Source: @norml @WeedConnection
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media :: news - Sun, 13 Apr 2014 04:20:21 PST
Poll: Legalization Of Marijuana Is Inevitable
Washington, DC: Seventy-five percent of Americans believe that the personal consumption and retail sale of cannabis will eventually be legal for adults, according to national polling data released this week by the Pew Research Center. Pew pollsters have been surveying the public's attitudes regarding marijuana legalization issue since 1973, when only 12 percent of Americans supported regulating the substance.
Fifty-four percent of respondents say that marijuana ought to be legal now, according to the poll. The total is the highest percentage of support ever reported by Pew and marks an increase of two percent since 2013. Forty-two percent of respondents said that they opposed legalizing marijuana for non-therapeutic purposes. Only 16 percent of Americans said that the plant should not be legalized for any reason.
Demographically, support for cannabis legalization was highest among those age 18 to 29 (70 percent), African Americans (60 percent), and Democrats (63 percent). Support was weakest among those age 65 and older (32 percent) and Republicans (39 percent).
Seventy-six percent of those surveyed oppose incarceration as a punishment for those found to have possessed personal use quantities of marijuana. Only 22 percent of respondents supported sentencing marijuana possession offenders to jail.
Fifty-four percent of those polled expressed concern that legalizing marijuana might lead to greater levels of underage pot use. (Forty-four percent said that it would not.) Overall, however, respondents did not appear to believe that such an outcome would pose the type of significant detrimental health risks presently associated with alcohol. As in other recent polls, respondents overwhelmingly say that using cannabis is far less harmful to health than is drinking alcohol. Sixty-nine percent of those polled said that alcohol "is more harmful to a person's health" than is marijuana. Only 15 percent said that cannabis posed greater health risks. Sixty-three percent of respondents separately said that alcohol is "more harmful to society" than cannabis. Only 23 percent said that marijuana was more harmful.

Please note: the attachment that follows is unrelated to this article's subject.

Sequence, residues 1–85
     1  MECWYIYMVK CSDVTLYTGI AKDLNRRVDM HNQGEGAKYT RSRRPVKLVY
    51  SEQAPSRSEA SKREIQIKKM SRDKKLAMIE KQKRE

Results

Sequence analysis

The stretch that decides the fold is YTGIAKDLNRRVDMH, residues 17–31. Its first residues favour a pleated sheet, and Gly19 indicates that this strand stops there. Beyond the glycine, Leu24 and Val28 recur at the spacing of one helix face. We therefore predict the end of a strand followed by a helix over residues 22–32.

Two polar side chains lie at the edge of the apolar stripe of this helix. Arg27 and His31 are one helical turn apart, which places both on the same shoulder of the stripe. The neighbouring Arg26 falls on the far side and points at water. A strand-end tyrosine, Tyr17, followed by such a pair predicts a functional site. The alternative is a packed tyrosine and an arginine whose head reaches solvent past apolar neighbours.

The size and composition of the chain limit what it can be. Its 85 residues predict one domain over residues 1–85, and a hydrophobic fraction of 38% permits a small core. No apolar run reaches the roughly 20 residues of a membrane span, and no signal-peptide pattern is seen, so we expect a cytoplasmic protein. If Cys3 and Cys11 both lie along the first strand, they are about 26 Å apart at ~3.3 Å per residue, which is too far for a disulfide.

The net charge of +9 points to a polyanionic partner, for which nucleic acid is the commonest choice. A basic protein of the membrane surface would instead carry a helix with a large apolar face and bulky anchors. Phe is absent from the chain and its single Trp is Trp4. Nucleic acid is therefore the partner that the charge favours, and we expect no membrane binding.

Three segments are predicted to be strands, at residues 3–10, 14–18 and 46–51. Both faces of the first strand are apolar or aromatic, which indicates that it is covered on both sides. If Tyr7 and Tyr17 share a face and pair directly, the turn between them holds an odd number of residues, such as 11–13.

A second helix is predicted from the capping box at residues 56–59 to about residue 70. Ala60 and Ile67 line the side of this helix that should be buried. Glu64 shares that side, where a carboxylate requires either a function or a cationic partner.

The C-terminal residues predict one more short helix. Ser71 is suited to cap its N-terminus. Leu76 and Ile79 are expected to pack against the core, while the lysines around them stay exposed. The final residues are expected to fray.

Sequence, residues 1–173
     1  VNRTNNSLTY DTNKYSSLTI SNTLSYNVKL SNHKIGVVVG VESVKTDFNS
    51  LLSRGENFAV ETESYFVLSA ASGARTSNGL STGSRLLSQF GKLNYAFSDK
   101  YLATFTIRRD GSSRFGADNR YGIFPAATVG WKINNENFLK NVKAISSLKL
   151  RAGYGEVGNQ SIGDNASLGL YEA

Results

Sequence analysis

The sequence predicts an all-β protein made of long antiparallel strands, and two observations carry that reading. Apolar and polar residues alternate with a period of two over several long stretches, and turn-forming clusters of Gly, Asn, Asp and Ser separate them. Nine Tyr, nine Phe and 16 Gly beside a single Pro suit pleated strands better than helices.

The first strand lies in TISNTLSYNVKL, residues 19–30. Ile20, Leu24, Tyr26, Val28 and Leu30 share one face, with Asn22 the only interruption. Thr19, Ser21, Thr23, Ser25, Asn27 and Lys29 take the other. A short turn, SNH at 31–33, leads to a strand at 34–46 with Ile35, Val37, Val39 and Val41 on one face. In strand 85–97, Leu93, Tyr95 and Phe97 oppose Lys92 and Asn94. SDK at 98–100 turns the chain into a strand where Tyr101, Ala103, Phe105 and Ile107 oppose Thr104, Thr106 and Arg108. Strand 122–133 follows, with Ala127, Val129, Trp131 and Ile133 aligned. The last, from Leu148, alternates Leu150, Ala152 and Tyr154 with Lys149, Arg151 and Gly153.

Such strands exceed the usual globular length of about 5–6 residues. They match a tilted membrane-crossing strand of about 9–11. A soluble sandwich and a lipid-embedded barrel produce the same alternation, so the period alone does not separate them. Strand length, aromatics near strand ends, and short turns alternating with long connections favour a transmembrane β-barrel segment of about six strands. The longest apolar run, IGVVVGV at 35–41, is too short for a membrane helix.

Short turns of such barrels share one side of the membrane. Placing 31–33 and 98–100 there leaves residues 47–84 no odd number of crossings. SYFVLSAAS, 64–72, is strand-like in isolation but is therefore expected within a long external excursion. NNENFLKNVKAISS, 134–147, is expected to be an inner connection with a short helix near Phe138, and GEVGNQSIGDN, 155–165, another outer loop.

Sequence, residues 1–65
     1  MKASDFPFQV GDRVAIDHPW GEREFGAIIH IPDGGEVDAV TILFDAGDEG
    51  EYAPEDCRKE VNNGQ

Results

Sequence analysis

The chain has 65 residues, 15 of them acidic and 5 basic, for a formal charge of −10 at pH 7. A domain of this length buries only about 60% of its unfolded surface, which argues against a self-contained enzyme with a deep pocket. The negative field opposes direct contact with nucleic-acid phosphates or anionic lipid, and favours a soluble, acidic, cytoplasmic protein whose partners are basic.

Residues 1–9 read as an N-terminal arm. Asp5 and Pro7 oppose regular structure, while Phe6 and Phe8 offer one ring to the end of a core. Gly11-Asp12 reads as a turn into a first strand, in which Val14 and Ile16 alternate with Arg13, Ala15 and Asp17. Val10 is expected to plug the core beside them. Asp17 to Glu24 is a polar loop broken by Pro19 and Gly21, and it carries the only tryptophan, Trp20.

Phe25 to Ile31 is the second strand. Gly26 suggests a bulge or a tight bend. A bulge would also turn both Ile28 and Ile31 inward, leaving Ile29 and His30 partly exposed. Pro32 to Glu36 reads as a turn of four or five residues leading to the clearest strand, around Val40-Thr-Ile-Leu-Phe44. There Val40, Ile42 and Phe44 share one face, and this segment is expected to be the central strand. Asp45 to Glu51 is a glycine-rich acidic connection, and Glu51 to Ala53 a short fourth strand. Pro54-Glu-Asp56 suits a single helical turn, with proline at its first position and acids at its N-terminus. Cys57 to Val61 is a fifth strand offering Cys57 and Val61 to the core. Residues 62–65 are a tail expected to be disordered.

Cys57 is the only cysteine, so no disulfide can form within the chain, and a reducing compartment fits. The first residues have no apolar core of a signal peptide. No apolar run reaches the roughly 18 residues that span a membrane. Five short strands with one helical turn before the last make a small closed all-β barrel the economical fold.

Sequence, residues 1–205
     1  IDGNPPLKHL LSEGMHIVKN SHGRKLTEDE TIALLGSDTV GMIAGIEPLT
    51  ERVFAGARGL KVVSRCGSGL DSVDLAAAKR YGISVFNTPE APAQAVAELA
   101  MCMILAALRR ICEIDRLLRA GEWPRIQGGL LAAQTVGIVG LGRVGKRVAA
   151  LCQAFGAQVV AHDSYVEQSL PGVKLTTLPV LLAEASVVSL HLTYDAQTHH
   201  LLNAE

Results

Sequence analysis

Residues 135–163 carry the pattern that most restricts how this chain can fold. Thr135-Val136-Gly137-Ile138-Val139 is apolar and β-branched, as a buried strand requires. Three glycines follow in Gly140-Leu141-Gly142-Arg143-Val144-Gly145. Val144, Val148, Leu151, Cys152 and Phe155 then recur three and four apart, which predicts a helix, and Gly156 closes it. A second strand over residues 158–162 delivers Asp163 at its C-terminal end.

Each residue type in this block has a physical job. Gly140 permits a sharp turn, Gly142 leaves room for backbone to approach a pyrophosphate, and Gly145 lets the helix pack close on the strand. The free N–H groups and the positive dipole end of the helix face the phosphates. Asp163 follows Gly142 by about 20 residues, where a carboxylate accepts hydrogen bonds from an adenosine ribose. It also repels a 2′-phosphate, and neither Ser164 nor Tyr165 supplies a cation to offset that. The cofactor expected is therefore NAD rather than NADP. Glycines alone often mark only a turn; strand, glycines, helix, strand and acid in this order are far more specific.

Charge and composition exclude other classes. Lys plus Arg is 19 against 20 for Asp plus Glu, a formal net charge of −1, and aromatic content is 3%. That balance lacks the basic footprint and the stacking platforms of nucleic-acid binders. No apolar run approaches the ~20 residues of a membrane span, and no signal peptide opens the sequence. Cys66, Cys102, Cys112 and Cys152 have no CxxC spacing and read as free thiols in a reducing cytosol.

The Pew poll possesses a margin on error of +/- 2.6 percent.
Recent national polls by Gallup and CNN similarly report majority support among Americans for legalizing and regulating the adult use of the plant.
Commenting on the poll, NORML Deputy Director Paul Armentano said: "Advocating for the regulation of cannabis for adults is not a fringe political opinion. It is the majority opinion among the public. Elected officials who continue to push for the status quo - the notion that cannabis ought to be criminalized and that the consumers of cannabis ought to be stigmatized and punished - are holding on to a fringe position that is increasingly out-of-step with their constituents' beliefs."